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Self-Directed Learning

Self-directed learning (SDL) has gained significant momentum as a design priority across the varied educational landscapes, today. Although this growth has been driven in part by the significant numbers of adult learners entering formal learning programs, it is perhaps most directly connected with the unprecedented, contemporary need to help learners gain capacity as life-long learners. Never before have global work and life environments experienced such rapid, persistent and volatile change. It is for this very reason that SDL has moved to the frontiers of learning both in the classroom and online.

Although SDL as an educational concept can be traced back at least to the time of the ancient Greeks, more modern, formal uses of SDL came into practice via the writings of Malcolm Knowles in the 1970s. One of the key ideas in Knowles’ definition was the desire to see students “take the initiative” in their own learning [1]. Since that time, SDL has expanded to include the value of collaboration and guidance in the self-directed learning process, evolving into an array of perspectives under titles such as Self-Initiated Learning, Self-Managed Learning, and Self-Regulated Learning. As designers of online learning, it is helpful to consider Merriam, Caffarella, and Baumgartner’s (2007) suggestion that the growing literature on SDL be divided into three main categories: [2]

  1. The goals of SDL
  2. SDL as a process or approach to learning
  3. SDL as a personal attribute in the learner

We will not take the time to explore the range of possible “goals” or outcomes associated with SDL except to reiterate the strategic value in approaches to learning that orient themselves around the traits and preferences of adult learners and toward the development of capacity in life-long learning. Thinking practically about how online learning designers might create meaningful and engaging learning within an online course, we have organized SDL ideas and resources into three subsequent webpages:

SDL Skills

The SDL Skills page is organized around the subjects of professional development and personal growth, skills that are desirable as outcomes in learners’ and teachers’ lives, alike. These important capacities and mindsets engender real-world skills that are essential in what Bob Johansen describes as the global “VUCA” (volatile, uncertain, complex and ambiguous) environment in the work workplace, today [3].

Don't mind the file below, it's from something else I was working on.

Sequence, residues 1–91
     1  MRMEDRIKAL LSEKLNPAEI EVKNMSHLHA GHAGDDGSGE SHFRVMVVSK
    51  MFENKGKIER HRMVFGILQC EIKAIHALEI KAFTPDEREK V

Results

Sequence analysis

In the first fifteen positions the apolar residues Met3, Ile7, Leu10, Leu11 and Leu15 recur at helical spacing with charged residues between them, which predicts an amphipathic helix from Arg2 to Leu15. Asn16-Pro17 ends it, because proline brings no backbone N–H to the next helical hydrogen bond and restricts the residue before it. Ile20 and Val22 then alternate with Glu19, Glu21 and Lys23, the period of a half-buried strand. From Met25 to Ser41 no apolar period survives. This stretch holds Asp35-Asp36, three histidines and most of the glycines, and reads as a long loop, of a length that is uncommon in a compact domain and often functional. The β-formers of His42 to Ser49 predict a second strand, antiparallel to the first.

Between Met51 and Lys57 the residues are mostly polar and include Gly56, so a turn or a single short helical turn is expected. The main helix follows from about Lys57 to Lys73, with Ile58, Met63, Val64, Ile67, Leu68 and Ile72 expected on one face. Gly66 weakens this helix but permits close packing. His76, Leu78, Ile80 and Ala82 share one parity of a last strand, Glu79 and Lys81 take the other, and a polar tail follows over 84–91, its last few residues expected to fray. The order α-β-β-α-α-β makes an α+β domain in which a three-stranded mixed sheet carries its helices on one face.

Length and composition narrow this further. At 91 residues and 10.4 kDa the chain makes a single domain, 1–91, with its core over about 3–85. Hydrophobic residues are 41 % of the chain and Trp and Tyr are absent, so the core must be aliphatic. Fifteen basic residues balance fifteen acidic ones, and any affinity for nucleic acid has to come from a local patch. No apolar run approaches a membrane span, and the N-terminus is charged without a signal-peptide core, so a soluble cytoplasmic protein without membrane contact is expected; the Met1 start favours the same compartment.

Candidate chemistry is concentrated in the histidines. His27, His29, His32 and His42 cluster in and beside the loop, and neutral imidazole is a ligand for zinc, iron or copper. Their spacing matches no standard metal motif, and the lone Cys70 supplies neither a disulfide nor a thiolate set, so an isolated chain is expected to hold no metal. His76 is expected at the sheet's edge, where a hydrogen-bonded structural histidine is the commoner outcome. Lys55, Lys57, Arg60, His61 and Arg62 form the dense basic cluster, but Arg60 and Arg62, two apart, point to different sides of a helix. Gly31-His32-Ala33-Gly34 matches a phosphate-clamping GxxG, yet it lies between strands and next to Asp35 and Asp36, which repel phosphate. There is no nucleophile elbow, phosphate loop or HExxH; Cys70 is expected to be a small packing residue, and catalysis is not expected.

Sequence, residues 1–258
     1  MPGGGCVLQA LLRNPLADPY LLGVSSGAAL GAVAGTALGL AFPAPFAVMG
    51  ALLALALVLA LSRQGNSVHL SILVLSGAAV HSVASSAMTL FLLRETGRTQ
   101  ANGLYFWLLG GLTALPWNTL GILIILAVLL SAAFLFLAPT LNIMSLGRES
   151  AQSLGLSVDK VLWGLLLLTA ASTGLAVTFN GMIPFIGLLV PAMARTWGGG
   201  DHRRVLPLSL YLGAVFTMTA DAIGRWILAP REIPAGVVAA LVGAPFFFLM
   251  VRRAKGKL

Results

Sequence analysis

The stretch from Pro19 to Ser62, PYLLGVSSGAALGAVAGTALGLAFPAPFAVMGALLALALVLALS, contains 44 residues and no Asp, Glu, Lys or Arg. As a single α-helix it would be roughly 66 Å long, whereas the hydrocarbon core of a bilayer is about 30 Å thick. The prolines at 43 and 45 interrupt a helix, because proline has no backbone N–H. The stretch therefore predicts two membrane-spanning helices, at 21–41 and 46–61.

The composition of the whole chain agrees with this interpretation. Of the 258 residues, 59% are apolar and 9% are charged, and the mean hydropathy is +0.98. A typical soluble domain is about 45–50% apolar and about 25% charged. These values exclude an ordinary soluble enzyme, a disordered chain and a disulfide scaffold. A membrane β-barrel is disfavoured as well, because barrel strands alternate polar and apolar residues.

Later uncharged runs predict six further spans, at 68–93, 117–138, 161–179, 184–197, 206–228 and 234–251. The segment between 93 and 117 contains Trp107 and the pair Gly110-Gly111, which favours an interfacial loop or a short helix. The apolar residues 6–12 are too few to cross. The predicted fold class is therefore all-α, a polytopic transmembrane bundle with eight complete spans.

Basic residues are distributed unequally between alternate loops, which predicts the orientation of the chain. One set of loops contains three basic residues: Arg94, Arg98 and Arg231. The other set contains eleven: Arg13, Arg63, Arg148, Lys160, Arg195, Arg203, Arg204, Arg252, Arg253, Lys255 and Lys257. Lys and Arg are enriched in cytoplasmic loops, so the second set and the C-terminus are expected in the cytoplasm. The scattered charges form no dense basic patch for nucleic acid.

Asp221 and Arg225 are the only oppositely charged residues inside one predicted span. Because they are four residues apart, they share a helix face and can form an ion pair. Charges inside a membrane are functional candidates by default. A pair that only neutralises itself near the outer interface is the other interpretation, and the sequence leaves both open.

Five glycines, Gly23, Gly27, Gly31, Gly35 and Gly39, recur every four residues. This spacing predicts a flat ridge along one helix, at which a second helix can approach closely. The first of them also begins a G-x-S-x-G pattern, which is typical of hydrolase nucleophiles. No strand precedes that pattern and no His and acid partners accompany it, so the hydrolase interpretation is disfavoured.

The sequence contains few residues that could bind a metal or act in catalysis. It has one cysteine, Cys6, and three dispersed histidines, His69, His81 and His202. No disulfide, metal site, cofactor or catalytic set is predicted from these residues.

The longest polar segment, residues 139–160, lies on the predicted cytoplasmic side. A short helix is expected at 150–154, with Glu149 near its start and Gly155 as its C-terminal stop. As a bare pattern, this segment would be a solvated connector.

SDL Learning Processes

The goal of SDL in online learning requires focused attention on the processes of learning as well as the subject matter. The SDL Learning Processes page is organized around strategies for scaffolding learning activities and assessments that lead to the competency of life-long learning. This page also explores the question of how learners acquire the ability to effectively evaluate the quality and validity of an ever-expanding flood of resources available today. 

SDL Resources

The SDL Resources page highlights the subject of open learning alongside examples from the growing assemblage of open educational resource (OER) repositories available for use today. These resources offer examples and ready-made components that can be leveraged for more quickly scaling the design process. 


[1] Knowles, M. (1975). Self-directed learning: A guide for learners and teachers. New York: Cambridge Books, p. 18.

[2] Merriam S., Caffarella R., and Baumgartner L. (2007). Learning in Adulthood: A Comprehensive Guide (3rd ed.). San Francisco: Jossey-Bass. 

[3] Johansen, B. (2017). The New Leadership Literacies: Thriving in a Future of Extreme Disruption and Distributed Everything. Oakland, CA: Berrett-Koehler.